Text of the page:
Lots of kids are taking new backpacks with them for the starting school year, but some of those backpacks can mean the difference between the child going hungry or being fed.

Some local children will be taking home a special backpack each Friday, a backpack that has done a bit of traveling through the week and been packed with nutritious food and snacks.

The child can take this food home to eat on the weekend, when they don’t get the school meals.

The Backpack Buddy Program is run by VISTO, the local food bank, a United Way Agency.

Beth Denison, the administrative assistant at VISTO and the director of VISTO’s Backpack Buddy Program, has seen the difference in the lives of the children.

The Backpack Buddy Program started 3 years ago in Gainesville with the help of a grant from the Tarrant Area Food Bank.

“It was for one elementary school and we started with 75 or 85 kids,” recalled Denison. “It was kind of a pilot program, but it was so very well-received and we saw such a need that it was the burden of VISTO and others in the community to continue it beyond the grant and beyond just that one school.”

The statistics are staggering. According to a pamphlet of VISTO’s, “Nationally, 1 in 5 children live in poverty. In the city of Gainesville, it is 1 in 3.”

“When kids are hungry and can’t concentrate, have stomach aches, headaches, and so forth, then it’s going to affect how they do in school,” Denison said. “It’s going to affect their grades, it’s going to affect their ability to concentrate, it’s going to affect their attitude, and so, the follow-up statistics have really proven that it’s very beneficial.”

“The agency that founded the Backpack Buddy system has done statistics for those kids who have been on the program,” Denison said, “and cited the improvement in grades, in attendance, fewer behavioral problems, kids more interested, healthier. It just makes a big difference.”

Denison said local teachers have seen the results, as well.

“When they’ve got kids who are more attentive and have less behavioral problems, it makes the atmosphere for the whole classroom better,” Denison said.

“This is something that will benefit those students so they can concentrate,” Denison said. “The school system is very much in favor of that. We’ve received great support from all the schools that we’ve worked with.”

That’s why the local Backpack Buddy program has grown steadily over the few years it’s been in place.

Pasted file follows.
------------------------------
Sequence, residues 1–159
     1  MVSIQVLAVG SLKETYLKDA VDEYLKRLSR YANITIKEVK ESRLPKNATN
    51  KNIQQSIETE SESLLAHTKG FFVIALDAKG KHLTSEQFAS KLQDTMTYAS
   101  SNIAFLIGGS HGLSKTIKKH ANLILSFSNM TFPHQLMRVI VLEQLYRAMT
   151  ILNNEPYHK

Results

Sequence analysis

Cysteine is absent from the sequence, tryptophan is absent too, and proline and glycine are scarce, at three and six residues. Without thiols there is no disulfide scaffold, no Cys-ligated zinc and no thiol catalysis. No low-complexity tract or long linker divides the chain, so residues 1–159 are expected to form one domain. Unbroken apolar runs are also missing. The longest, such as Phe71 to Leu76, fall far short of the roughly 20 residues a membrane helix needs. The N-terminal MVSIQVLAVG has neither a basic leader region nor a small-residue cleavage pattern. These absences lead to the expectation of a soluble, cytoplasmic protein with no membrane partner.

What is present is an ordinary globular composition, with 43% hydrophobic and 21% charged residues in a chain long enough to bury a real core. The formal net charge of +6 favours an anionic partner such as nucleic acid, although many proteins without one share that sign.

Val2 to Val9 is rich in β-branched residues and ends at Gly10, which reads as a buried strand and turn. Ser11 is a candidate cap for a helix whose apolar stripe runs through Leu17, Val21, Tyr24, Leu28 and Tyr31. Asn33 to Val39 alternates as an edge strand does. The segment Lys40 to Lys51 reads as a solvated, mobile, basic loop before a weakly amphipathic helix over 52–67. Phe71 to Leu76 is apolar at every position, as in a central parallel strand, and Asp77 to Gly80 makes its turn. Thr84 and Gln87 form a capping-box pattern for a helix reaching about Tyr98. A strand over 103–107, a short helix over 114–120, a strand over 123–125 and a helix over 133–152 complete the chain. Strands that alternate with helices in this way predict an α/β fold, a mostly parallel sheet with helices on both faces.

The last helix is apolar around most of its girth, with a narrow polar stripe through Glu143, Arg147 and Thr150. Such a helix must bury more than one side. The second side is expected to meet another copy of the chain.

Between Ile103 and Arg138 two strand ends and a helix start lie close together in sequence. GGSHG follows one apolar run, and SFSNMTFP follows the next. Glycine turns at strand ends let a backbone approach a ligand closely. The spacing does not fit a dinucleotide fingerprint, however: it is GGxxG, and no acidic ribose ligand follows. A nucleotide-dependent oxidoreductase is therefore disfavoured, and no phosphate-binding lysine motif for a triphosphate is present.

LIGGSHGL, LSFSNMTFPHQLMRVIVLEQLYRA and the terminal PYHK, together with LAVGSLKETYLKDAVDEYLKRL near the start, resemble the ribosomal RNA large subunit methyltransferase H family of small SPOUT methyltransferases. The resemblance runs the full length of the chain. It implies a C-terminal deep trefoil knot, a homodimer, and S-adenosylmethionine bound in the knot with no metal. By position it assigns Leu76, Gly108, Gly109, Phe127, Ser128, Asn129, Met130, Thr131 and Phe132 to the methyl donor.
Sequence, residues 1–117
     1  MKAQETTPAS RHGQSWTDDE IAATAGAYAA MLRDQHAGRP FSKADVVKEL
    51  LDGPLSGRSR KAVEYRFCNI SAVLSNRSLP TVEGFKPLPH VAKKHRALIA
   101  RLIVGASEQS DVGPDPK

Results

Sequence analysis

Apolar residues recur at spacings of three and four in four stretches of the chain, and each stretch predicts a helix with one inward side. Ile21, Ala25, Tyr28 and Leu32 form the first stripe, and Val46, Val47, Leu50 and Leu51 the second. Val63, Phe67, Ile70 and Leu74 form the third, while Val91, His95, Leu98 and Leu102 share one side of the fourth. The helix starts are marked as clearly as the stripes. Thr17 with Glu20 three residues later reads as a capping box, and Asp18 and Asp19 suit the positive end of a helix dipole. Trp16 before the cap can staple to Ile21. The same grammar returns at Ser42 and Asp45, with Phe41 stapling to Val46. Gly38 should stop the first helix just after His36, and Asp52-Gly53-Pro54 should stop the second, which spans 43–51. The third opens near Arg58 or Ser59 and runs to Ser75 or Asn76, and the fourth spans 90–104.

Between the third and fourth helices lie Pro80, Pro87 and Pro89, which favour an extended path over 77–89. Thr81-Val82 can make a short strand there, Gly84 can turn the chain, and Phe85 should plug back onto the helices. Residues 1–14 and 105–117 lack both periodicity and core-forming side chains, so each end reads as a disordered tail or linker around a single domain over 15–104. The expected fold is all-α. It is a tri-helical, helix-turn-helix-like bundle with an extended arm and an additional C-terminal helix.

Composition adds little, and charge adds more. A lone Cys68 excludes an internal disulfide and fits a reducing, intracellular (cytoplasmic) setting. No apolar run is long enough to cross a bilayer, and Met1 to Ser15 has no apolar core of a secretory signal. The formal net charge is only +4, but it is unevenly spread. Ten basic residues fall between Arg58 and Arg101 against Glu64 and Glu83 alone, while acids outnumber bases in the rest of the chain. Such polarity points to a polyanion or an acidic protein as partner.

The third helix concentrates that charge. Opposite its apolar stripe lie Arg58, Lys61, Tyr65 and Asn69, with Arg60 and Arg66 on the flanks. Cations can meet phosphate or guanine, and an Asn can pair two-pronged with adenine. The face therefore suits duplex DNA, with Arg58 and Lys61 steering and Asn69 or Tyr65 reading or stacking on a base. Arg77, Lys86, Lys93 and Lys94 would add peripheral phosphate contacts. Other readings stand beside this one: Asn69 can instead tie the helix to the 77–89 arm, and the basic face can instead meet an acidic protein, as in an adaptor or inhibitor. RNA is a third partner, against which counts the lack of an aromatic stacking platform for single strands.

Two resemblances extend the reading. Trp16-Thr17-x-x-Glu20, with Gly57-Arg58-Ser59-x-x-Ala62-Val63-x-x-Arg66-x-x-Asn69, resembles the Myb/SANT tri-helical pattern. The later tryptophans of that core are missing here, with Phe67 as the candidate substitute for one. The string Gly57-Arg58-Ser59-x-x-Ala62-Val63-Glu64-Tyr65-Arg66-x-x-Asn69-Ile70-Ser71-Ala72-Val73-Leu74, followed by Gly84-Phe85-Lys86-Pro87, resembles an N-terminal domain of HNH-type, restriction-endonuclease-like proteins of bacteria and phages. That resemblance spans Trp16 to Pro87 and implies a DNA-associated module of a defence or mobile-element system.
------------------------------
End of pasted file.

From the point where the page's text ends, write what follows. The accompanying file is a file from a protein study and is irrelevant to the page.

“As we ended last year, we were in 11 schools, and reaching 350 students per week,” Denison said. “Which sounds like a lot and it is a lot, but the numbers we have been given from the Cooke County schools is there are 1,900 elementary age children living in economically disadvantaged homes. So, as you can see, there are a lot more out there who we are not reaching.

“Our goal this year is to increase it to 500 (kids),” Denison said. “It will be in all the schools this year.”

The Backpack Buddy Program does not run through the summer. Now that school is in session again, the program will be up and running full speed quickly.

“They have to sign up each year,” Denison explained.

“Teachers are the ones with the kids every day,” Denison said, and they are the ones who usually get the kids involved in the program.

“They would identify a child who seems to be a potential candidate. They would send home notice to the family, saying your child qualifies for this,” Denison said. “If you’re interested in this, fill out this form and send it back in. Then, of course, it’s up to the family whether or not they want to participate. They have to sign off on it and provide a little information in terms of their income and how many kids are in the family.

“That’s really the word we would like to get out there,” Denison said. “If there are any children or families who are interested and need that aid, to let their teachers know that.”

The Backpack Buddy Program is for all school aged children, from the littlest up through high school.

“Typically, it is one of the younger age children who sign up,” Denison admitted, “and they will include their siblings and take enough home with them. It’s for all school aged kids, but we send home one backpack per family.”

And the kids don’t need to worry about their peers knowing what’s in their backpack.

“They’re just basic school backpacks,” Denison said. “They’re not all VISTO backpacks, something that would stand out. They’re just regular school backpacks because we want to be sensitive to the families and to the children that they not be singled out. So it would appear that they’re carrying any other backpack.”

The important thing right now is to sign up if you want to be a part of the program.

“We want to make sure that word is out to the whole community that if they have a need there, to contact their teacher and let them know,” Denison said.

With so many in need, what if the number goes higher than the projected 500?

“We’ll serve as many as we can,” she promised. “God just always seems to meet the need, so we don’t worry about it.”

To pull off this community service, VISTO needs lots of volunteers, both to donate food items and money, and to help fill the backpacks. For more information about volunteering, see Part 2 of this series.

For more information about the Backpack Buddy Program, how to sign up, or how to volunteer, contact VISTO at (940) 6686403 weekday mornings, visit the office at 1401 Southland in Gainesville or go to edvisto@sbcglobal.net online.



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